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Gender Language: Pronouns & Terms

Published  1 April 2014

Gender‑Specific & Gender‑Neutral Pronouns

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Pronoms Neutres et Pronoms Genrés

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Pronombres Neutros y Pronombres Específicos a un Género

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Gender‑Related Language & Terms

Language shapes our perceptions of others, and precise use of gender terms can help demystify misperceptions about gender. The vocabulary of gender continues to evolve with no universal agreement about the definitions of many terms. These terms can be a starting point for dialogue with someone about how they experience gender and their meanings for the terms they use to describe themselves.

Assigned Female at Birth (AFaB): assigned or designated female based on outside genitalia (or karyotyping) at birth. Terms to avoid: female bodied and biologically/genetically/born/natal female.

Assigned Male at Birth (AMaB): assigned or designated male based on outside genitalia (or karyotyping) at birth. Terms to avoid: male bodied and biologically/genetically/born/natal male.

Intersex: an umbrella term for a number of naturally-occurring conditions characterized by physical anatomy that does not match completely with typical female or male anatomy (e.g., Klinefelter Syndrome, Androgen Insensitivity Syndrome, Congenital Adrenal Hyperplasia).

Gender & Sexual Minorities (GSM), Queer, LGBT, LGBTQ, LGGBBTTQQIAAPP: people who are minorities because they are not cisgender or not heterosexual (or both). GSM and queer are preferred by some because acronyms are ever expanding as people come to identify more precisely—LGGBBTTQQIAAPP stands for lesbian, gay, genderqueer, bisexual, bigender, transgender, trans, queer, questioning, intersex, asexual, agender, pansexual and polyamorous.

Sexual Orientation: defined by who you’re physically, emotionally and/or romantically attracted to. Although sexual orientation and gender identity are related parts of identity, they are separate. Gender is personal (how you see yourself), and sexual orientation is interpersonal (who you’re attracted to).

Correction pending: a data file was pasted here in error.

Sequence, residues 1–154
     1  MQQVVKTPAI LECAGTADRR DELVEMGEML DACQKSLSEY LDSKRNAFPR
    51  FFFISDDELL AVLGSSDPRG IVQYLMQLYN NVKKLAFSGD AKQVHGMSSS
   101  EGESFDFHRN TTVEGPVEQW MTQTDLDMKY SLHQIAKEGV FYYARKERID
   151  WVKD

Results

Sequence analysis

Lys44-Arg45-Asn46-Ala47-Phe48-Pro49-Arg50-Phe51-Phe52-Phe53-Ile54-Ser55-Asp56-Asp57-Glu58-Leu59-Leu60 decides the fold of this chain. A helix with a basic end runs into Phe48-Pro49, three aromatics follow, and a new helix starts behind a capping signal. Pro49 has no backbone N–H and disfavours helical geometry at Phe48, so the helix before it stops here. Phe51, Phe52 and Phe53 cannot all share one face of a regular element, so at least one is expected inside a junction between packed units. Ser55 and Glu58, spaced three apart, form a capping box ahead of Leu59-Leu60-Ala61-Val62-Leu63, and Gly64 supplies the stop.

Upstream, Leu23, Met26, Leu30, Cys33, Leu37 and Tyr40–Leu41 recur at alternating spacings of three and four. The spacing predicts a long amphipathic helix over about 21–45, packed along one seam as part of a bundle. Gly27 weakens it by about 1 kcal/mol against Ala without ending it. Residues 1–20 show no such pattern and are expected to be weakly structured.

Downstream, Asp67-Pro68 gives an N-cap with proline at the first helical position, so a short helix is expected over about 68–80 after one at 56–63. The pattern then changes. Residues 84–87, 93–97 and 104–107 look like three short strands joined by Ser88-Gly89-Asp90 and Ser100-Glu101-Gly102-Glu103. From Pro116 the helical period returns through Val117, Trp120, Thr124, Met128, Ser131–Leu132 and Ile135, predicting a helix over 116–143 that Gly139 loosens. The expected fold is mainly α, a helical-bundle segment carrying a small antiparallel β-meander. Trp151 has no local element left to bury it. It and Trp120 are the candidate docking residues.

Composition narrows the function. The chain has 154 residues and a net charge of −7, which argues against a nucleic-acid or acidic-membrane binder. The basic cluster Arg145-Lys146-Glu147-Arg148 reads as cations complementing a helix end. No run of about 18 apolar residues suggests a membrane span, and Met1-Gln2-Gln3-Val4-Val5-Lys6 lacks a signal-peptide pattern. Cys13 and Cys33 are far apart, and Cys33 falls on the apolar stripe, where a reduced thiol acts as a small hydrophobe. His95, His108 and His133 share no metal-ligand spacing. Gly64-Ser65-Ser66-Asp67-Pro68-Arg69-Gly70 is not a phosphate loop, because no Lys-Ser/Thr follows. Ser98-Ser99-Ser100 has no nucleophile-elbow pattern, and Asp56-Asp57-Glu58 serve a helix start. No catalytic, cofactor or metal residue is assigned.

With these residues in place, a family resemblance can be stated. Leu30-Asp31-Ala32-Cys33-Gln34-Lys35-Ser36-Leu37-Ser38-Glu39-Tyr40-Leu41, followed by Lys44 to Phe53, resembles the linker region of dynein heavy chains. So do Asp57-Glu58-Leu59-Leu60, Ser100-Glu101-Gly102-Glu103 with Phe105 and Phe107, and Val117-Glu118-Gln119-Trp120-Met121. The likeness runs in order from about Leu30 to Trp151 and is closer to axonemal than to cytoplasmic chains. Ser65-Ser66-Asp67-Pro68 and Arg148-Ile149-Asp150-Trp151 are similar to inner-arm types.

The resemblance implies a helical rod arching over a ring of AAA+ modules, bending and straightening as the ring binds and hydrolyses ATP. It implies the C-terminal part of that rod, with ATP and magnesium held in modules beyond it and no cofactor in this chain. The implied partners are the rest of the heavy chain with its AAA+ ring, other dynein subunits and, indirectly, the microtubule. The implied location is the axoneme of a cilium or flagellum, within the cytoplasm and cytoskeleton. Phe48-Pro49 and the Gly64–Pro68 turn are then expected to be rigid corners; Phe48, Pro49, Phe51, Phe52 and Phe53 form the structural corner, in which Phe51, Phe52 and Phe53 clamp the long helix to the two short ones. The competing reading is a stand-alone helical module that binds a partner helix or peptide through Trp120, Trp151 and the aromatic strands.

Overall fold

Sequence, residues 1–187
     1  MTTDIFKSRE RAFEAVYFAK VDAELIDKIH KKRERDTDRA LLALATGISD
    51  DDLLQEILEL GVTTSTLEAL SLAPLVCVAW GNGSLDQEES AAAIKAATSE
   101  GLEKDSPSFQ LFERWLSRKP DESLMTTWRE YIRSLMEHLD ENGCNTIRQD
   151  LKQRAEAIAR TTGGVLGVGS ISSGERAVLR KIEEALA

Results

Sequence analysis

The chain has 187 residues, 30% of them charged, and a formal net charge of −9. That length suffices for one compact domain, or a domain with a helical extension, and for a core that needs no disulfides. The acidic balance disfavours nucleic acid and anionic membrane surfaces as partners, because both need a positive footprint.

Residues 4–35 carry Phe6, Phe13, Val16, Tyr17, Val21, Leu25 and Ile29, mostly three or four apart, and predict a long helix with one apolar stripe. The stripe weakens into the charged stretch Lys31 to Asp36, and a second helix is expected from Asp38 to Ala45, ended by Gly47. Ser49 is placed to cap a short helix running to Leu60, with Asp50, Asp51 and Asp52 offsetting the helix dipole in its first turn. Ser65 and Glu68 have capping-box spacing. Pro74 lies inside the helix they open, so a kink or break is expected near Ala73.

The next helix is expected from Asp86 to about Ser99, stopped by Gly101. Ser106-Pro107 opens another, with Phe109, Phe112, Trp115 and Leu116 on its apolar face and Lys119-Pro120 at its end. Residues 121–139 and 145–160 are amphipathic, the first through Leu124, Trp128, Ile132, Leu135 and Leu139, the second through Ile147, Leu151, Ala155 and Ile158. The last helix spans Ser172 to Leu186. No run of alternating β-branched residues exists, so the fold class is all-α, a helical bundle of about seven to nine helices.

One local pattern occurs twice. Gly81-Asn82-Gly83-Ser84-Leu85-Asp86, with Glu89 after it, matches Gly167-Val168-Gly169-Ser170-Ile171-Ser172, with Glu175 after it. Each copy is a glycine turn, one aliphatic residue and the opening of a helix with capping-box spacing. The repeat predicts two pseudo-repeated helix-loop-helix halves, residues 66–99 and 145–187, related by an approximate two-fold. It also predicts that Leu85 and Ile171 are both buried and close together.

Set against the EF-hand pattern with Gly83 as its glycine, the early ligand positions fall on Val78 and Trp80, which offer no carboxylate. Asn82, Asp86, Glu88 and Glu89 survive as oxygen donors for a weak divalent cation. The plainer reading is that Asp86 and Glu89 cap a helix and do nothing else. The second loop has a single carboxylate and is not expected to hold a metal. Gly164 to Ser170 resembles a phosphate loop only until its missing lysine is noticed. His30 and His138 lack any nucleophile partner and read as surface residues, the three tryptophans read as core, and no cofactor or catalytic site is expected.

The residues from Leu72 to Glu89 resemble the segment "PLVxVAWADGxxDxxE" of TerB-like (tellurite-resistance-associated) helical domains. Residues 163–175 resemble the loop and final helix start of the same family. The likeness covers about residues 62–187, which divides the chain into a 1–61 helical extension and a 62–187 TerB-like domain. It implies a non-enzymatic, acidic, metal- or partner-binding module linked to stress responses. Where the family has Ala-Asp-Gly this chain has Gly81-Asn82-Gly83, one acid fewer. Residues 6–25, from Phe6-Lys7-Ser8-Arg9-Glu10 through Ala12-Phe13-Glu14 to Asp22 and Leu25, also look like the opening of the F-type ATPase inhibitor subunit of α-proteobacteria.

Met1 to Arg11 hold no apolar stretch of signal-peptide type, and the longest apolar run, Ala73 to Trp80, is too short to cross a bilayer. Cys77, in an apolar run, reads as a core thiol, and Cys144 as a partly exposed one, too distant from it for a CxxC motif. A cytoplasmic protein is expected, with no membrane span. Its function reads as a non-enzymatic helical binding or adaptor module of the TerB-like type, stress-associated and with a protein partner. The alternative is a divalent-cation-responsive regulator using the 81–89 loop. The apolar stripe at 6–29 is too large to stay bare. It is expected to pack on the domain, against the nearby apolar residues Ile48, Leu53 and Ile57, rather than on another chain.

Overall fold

Gender Identity: the internal, deeply-held sense of being a girl/woman, a boy/man, or a gender that does not fit neatly with one of those. Everyone has a gender identity. How someone describes their gender can evolve, shift, and develop over time, especially as their verbal ability grows over the course of childhood and adolescence, and when they acquire broader gender vocabulary.

  • Cisgender, Cis (Non-Transgender): someone who identifies exclusively with their assigned sex at birth (i.e., a girl/woman who was assigned female at birth or a boy/man who was assigned male at birth).
  • Trans, Transgender: umbrella terms that encompass people who, in one way or another, do not identify with their assigned sex at birth.
    • Transgirl, Transwoman, Affirmed Female: a girl/woman who was assigned male at birth (and identifies as a girl/woman).
    • Transboy, Transman, Affirmed Male: a boy/man who was assigned female at birth (and identifies as a boy/man).
    • Gender-Expansive, Gender Non-Conforming (Gender-Diverse, Gender-Creative): umbrella terms that encompass people who identify in ways that do not conform neatly with girl/woman or boy/man (e.g., feminine boy/man, masculine girl/woman, androgynous person).